The recently implemented Colorado Mitigation Procedures, Colorado Stream Quantification Tool and mitigation banking have greatly improved how the U.S. Army Corps of Engineers Omaha District’s Denver Regulatory Office analyzes permit applications under Section 404 of the Clean Water Act.
The COMP, developed by Colorado regulatory offices, provides regulatory specialists with a framework to objectively evaluate a wetland or a stream’s functional condition by providing a measurable and repeatable method of calculating debits and credits for wetland and waterway impacts caused by permitted activities.
These procedures utilize the CSQT, also developed by the Colorado regulatory offices in partnership with the U.S. Environmental Protection Agency, to evaluate a stream’s hydrology, hydraulics, geomorphology, chemistry and biology. The tool uses a combination of metrics based on watershed data as well as common survey and field measurements, such as width-depth ratios and bank erosion.
In turn, these metrics provide a more standardized permitting process to evaluate how a developer will replace, or “compensate,” for the unavoidable losses of aquatic resources in the state of Colorado.
“The tool actually provides hardened numbers that are measurable and repeatable where multiple users can go in and say, ‘This stream is functioning at a six,’” said Kiel Downing, USACE Omaha District, Denver Regulatory Office chief. “If a permittee needs to impact a stream and we issue a permit, we can actually quantify the functional loss of the stream and then require them to offset that functional loss somewhere else.”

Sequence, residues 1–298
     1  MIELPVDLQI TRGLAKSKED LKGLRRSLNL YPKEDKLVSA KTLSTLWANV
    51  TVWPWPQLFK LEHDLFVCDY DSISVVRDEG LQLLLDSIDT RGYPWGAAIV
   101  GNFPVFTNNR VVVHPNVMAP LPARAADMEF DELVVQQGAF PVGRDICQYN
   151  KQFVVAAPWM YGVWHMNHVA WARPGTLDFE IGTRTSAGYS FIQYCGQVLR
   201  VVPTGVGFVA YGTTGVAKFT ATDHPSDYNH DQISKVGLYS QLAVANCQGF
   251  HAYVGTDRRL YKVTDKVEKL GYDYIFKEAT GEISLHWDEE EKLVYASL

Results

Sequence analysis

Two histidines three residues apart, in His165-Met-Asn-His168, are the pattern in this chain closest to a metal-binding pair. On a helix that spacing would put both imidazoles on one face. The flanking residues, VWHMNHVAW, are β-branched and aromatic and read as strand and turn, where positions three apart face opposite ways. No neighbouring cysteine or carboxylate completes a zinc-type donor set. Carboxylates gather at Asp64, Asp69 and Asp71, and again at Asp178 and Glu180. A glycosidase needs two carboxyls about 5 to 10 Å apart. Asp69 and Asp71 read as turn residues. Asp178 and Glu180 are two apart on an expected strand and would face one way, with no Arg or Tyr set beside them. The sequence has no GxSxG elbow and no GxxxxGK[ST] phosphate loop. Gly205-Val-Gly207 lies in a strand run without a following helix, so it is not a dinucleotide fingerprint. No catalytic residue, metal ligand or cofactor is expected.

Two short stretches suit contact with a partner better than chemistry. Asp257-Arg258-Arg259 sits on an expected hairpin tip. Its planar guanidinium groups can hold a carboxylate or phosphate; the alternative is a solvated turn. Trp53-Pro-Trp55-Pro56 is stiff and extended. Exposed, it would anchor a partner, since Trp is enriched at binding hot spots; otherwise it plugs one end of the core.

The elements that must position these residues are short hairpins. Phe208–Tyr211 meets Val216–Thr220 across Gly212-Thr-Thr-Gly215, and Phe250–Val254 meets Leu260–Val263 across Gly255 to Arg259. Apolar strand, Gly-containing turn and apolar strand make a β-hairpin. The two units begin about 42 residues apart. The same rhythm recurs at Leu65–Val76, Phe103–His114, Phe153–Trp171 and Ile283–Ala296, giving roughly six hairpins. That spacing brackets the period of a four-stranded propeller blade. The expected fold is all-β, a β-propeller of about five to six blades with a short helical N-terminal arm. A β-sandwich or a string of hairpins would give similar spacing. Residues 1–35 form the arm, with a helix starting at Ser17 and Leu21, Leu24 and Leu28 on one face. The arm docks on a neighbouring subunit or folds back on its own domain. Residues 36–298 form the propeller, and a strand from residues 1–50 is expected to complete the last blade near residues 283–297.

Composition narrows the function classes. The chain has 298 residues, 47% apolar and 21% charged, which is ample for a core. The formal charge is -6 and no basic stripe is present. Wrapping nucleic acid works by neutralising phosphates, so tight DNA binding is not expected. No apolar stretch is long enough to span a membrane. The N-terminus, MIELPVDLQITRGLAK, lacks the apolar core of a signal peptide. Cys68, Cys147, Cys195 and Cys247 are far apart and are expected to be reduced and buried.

Offsetting those losses is called compensatory mitigation. When a developer adversely impacts wetland areas or a stream’s function, they must enhance or increase the function of an existing aquatic resource or reestablish an area where there was once a wetland as required by Section 404 of the Clean Water Act.
The Denver regulatory office is responsible for determining what projects require mitigation.
“We have to make decisions about whether or not a proposed project actually causes a loss of function or an accrual of function,” said Aaron Eilers, a USACE Omaha District, Denver Regulatory Office senior project manager. “The COMP gives us a way of making mitigation decisions that we can measure and repeat and allows us to be consistent with other regulatory offices statewide. It also allows us to share a common language and currency for wetland and stream impacts and mitigation among other agencies, mitigation bankers and the regulated public.”
Consistency in regulatory permitting has also been improved by the used of mitigation banks. A mitigation bank is an agreement between a regulatory agency and a sponsor, which can be a public agency, non-profit organization, or private entity, for the mitigation of large aquatic areas significantly affected by multiple construction activities.
In the past, permittees would be responsible for the mitigation. Now, a permittee can simply purchase the required credits from a mitigation banker who manages the mitigation for them through larger-scale projects.
“They can find much larger areas than most permittees, like 100-300 acres, and really benefit from the increased scale,” Eilers said. “They can grade down to an elevation where wetland plants can access some ground water or benefit from overbank flooding.”
Mitigation banking is often expensive and time consuming. Ensuring that debits and credits are consistently measured and commensurate with impacts is an important responsibility of the Denver Regulatory Office who oversees permits for Clean Water Act permittees in their jurisdiction.
They also lead the Interagency Review Team composed of other federal and state agencies in the review of mitigation bank proposals. Once they agree to release credits to the mitigation bank sponsor, the sponsor is allowed to sell those credits to permittees in order to offset impacts.
Downing says the COMP and CSQT, combined with mitigation banking, have led to more consistency and higher quality in the mitigation of aquatic wetlands and waterways.
“The development of the COMP and the CSQT have been instrumental in advancing the mission of the regulatory program to protect the nation’s aquatic resources and navigable capacity,” Downing said. “It allows reasonable development through fair, flexible, and balanced permit decisions.”